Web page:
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Formerly called Simple Phobia, patients with Specific Phobias exhibit all the symptoms of an anxiety Disorder; the class in which these phobias are diagnosed. Patients with a Specific Phobia have an intense and overwhelming fear of a location, thing or person or animal, and they persist in this fear in of the fact that the object poses no real threat to their well-being. Some of the most common specific phobias are fear of tight spaces or closed-in places, fear of heights, escalators, tunnels, highway driving, elevators, water, flying, dogs or other animals, snakes, birds, spiders, bees, and blood or needles. Specific Phobias are not just normal fear. They involve irrational and paralyzing fear that causes physical and emotional symptoms of anxiety and avoidance. Patients realize that these fears are irrational, but the very idea of facing the thing that they fear can often bring about a panic attack or severe anxiety, with rapid heartbeat and shortness of breath. If the thing the patient fears is easy to avoid - for example a person who does not have to fly often, may not have difficulty avoiding air travel – and therefore may not seek treatment. When a patient makes an important career or personal decision based on his/her phobia, or if a phobic fear is carried to extremes, it can be debilitating to social, work and family life. Most phobias persist for years, sometimes even for decades, and few without treatment. Fortunately, most Specific Phobias respond very well to treatment. Phobias typically do not result from one exposure, like a dog bite or near drowning. Rather, there is often evidence of phobia in other family members, and of social or vicariously acquired phobias that occur through conditioning, and behavior modeling, e.g. your mother’s extreme fear of bees and her irrational and fearful behavior around bees may cause you to become phobic about bees.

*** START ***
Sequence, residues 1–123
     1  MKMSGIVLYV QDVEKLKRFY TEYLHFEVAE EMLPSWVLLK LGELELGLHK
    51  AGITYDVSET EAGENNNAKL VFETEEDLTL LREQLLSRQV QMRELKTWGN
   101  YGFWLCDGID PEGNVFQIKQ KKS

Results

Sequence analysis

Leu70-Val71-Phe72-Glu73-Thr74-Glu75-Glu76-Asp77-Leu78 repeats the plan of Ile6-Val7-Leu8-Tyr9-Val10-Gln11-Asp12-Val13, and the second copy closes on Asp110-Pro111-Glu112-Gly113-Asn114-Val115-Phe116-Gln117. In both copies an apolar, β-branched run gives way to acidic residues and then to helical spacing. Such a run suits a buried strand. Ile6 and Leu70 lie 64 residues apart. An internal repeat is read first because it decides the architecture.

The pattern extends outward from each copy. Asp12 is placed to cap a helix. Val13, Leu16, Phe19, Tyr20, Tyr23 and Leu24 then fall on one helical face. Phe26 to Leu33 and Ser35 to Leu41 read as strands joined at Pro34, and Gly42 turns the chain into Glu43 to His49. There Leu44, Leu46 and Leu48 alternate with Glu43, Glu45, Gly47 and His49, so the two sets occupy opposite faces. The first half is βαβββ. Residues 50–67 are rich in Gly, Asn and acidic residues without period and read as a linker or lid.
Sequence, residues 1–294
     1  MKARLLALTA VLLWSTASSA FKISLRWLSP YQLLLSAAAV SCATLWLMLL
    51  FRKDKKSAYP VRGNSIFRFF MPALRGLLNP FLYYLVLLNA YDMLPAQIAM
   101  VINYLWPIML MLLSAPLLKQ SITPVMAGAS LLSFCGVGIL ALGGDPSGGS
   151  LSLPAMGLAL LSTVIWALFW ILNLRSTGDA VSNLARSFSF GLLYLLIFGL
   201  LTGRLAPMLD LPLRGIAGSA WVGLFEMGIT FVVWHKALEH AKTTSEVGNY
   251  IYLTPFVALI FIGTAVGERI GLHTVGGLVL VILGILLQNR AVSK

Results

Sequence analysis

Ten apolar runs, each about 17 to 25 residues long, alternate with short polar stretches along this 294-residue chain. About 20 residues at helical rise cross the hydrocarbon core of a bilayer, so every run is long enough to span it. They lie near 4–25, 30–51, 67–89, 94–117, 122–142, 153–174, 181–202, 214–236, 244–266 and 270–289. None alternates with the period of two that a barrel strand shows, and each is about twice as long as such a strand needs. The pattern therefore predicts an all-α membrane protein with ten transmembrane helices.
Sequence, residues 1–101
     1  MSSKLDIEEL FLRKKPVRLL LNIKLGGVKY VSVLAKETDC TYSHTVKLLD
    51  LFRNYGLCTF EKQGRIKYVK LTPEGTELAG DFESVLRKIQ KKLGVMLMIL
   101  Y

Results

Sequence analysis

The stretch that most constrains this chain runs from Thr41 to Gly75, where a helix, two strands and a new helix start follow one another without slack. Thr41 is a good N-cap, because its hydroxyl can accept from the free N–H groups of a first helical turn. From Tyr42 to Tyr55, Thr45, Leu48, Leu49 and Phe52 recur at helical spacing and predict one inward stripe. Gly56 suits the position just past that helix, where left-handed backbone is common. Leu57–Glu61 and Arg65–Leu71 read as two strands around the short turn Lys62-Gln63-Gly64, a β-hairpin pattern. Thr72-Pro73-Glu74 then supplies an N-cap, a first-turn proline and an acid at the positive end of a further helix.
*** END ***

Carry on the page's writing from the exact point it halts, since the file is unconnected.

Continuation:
What are the symptoms?
Some symptoms of Specific Phobias may vary. The following is a summary of symptoms:
How is it diagnosed and treated?
Before diagnosing Specific Phobia, doctors will perform a thorough physical and mental evaluation and rule out other disease or disorders such as Obsessive-Compulsive Disorder, Posttraumatic Stress Disorder, and Separation Anxiety Disorder. Social Phobia or Panic Disorder With Agoraphobia. Diagnosis is based on the persistent occurrence of the symptoms detailed above.
Treatment(s) can include:
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